Search Results

You are looking at 11 - 20 of 6,215 items for :

  • Journal of Climate x
  • Refine by Access: All Content x
Clear All
Paul R. Holland, Nicolas Bruneau, Clare Enright, Martin Losch, Nathan T. Kurtz, and Ron Kwok

1. Introduction Arctic sea ice extent has declined rapidly in recent decades (−52 × 10 3 km 2 yr −1 for 1979–2010), but Antarctic sea ice extent has slowly increased (+17 × 10 3 km 2 yr −1 ) over the same period ( Cavalieri and Parkinson 2012 ; Comiso and Nishio 2008 ; Parkinson and Cavalieri 2012 ; Zwally et al. 2002 ), raising fundamental questions of why the two poles have evolved so differently in the context of climate change. The small overall Antarctic increase in ice area is

Full access
Yue Wu, David P. Stevens, Ian A. Renfrew, and Xiaoming Zhai

( Marshall and Schott 1999 ; Blindheim and Østerhus 2005 ). Convective mixing connects the near surface with the deep ocean ( Marshall and Schott 1999 ), while sea ice cover acts as a barrier to heat fluxes between the atmosphere and ocean ( Day et al. 2013 ). Convection can take place in each of the basins of the Nordic seas, with the deepest convection in the Greenland Sea, often reaching depths greater than 800 m ( Swift and Aagaard 1981 ). Open ocean convection traditionally requires a

Open access
Mitchell Bushuk, Rym Msadek, Michael Winton, Gabriel A. Vecchi, Rich Gudgel, Anthony Rosati, and Xiaosong Yang

1. Introduction The rapid loss of Arctic sea ice has the potential to influence the climate system across a broad range of spatial and temporal scales. These impacts include changes in the global energy balance via the sea ice–albedo feedback ( Budyko 1969 ; Curry et al. 1995 ), potential influence on midlatitude weather ( Screen and Simmonds 2013 ), and many human-related consequences, including the livelihoods of northern communities and Arctic wildlife, the opening of trans-Arctic shipping

Full access
Axel J. Schweiger, Ron W. Lindsay, Steve Vavrus, and Jennifer A. Francis

1. Introduction This study is motivated by the need to understand potential linkages between sea ice and cloud cover. Sea ice extent has decreased markedly over the last few decades ( Cavalieri et al. 2003 ; Serreze et al. 2007 , 2003 ). The more recent (since 1988) decrease is thought to be the result of the combined effects of gradual warming, changes in the atmospheric and oceanic circulation patterns, and the ice–albedo feedback ( Lindsay and Zhang 2005 ). Other studies implicate changes

Full access
J. Ono, H. Tatebe, and Y. Komuro

1. Introduction The Arctic summer sea ice extent (SIE) has markedly decreased since satellite observations began in the late 1970s. For September Arctic sea ice, the 10 lowest minimum extents have occurred since 2000 ( NSIDC 2017 ). In particular, in the summers of 2007 and 2012, extreme sea ice loss was observed. The September average SIE in 2007 and 2012 was 4.27 and 3.57 million km 2 (−2.14 and −2.84 million km 2 anomaly from the 1981–2010 average), which have been ranked as the second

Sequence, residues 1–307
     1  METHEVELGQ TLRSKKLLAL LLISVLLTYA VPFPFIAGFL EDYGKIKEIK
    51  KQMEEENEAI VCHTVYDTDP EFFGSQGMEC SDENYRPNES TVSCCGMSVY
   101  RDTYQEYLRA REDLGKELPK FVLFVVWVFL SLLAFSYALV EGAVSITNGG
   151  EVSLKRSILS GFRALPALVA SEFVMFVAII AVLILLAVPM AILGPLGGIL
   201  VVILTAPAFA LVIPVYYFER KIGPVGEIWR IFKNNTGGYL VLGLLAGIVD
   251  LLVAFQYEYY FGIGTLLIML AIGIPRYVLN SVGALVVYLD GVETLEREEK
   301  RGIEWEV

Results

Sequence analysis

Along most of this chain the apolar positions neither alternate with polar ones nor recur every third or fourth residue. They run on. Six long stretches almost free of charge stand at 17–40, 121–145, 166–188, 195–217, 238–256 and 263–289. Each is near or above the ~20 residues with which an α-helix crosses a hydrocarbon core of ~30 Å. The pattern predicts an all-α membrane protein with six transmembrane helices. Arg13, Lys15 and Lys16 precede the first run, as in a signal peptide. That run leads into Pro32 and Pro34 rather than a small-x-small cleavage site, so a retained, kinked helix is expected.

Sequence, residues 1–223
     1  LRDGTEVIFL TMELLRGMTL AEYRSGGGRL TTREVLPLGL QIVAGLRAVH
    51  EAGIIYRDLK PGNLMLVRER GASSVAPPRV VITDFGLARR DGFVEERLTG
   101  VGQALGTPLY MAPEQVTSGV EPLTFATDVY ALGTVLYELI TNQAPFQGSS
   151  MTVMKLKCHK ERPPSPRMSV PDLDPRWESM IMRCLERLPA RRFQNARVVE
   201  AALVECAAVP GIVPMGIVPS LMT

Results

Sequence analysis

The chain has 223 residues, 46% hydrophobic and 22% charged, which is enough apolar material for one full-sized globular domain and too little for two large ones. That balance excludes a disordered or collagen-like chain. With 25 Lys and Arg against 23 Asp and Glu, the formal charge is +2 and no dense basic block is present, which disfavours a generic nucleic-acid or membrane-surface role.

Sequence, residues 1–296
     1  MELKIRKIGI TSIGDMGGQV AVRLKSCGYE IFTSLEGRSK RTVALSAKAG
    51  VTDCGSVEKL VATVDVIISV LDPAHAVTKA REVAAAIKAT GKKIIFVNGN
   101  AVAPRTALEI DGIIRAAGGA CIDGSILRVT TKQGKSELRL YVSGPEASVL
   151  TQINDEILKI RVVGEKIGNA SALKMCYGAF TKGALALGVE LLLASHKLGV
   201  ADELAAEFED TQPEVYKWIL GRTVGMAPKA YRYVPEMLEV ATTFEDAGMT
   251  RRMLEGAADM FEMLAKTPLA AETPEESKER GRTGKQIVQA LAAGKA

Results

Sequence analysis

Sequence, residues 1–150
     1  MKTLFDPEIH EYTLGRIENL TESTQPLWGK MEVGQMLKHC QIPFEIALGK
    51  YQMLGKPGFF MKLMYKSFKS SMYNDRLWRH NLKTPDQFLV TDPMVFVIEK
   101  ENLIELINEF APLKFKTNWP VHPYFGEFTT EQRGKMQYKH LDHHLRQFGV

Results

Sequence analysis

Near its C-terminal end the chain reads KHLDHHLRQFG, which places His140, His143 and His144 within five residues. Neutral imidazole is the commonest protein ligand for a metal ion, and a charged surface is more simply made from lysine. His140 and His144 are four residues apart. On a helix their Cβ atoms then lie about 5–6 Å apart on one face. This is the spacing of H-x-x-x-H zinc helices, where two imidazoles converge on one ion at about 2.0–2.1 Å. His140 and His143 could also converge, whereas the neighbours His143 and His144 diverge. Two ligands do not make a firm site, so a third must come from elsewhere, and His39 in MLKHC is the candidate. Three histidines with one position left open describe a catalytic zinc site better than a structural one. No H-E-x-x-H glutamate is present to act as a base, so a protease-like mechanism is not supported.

Open access
Zhiqiang Chen, Jiping Liu, Mirong Song, Qinghua Yang, and Shiming Xu

1. Introduction Arctic sea ice extent and thickness have experienced dramatic change in the past few decades. Sea ice extent has declined for all months since the late 1970s (e.g., Comiso 2012 ; Cavalieri and Parkinson 2012 ); that is, September ice extent has declined 13.3% decade −1 during 1979–2016, which is underestimated by most of the global climate models that participated in phase 5 of the Coupled Model Intercomparison Project (CMIP5) ( Stroeve et al. 2012 ). Accompanying the rapid

Full access
Jessica Liptak and Courtenay Strong

1. Introduction The interaction between Arctic sea ice and the atmosphere plays a large role in shaping local and hemispheric climate variability through changes in surface wind stress and turbulent heat fluxes. Physical reasoning suggests that negative sea ice anomalies locally induce upward sensible and latent heat flux anomalies, leading to decreased sea level pressure (SLP), cyclonic circulation, and surface convergence, while the opposite scenario occurs for positive sea ice anomalies. Sea

Full access
Christopher M. Aiken and Matthew H. England

1. Introduction In this study we investigate the role played by Antarctic sea ice in global climate using a coupled climate model of intermediate complexity. Sea ice is an important component of the earth’s climate system, affecting both the ocean and the atmosphere by its presence and through its formation. The albedo of sea ice is substantially higher than that of the ocean, so that sea ice growth in the open ocean increases the reflection of incoming solar radiation back to space. The

Full access
Florence Chen, Sarah Friedman, Charles G. Gertler, James Looney, Nizhoni O’Connell, Katie Sierks, and Jerry X. Mitrovica

1. Introduction The marine isotope stage 11 (MIS11) interglacial was a period of protracted ice age warmth ~400 kyr (~400 000 yr) ago that is commonly cited as a natural laboratory for assessing the stability of polar ice sheets in the face of ongoing global warming (e.g., Hearty et al. 1999 ; Roberts et al. 2012 ). However, the peak globally averaged eustatic sea level (ESL) during MIS11 has been a matter of controversy ( Hearty et al. 1999 ; McMurtry et al. 2007 ; Hearty and Olson 2008

Full access
Clara Deser, Robert Tomas, Michael Alexander, and David Lawrence

1. Introduction Arctic sea ice extent has declined over the past several decades, with the largest rate of retreat (∼−10% decade −1 ) in late summer ( Serreze et al. 2007 ; Comiso et al. 2008 ; Deser and Teng 2008 ; among others). The rate of decline has accelerated substantially in the past decade and now outpaces that simulated by most climate models in response to increasing greenhouse gas (GHG) concentrations ( Stroeve et al. 2007 ). The record losses of perennial Arctic sea ice in both

Full access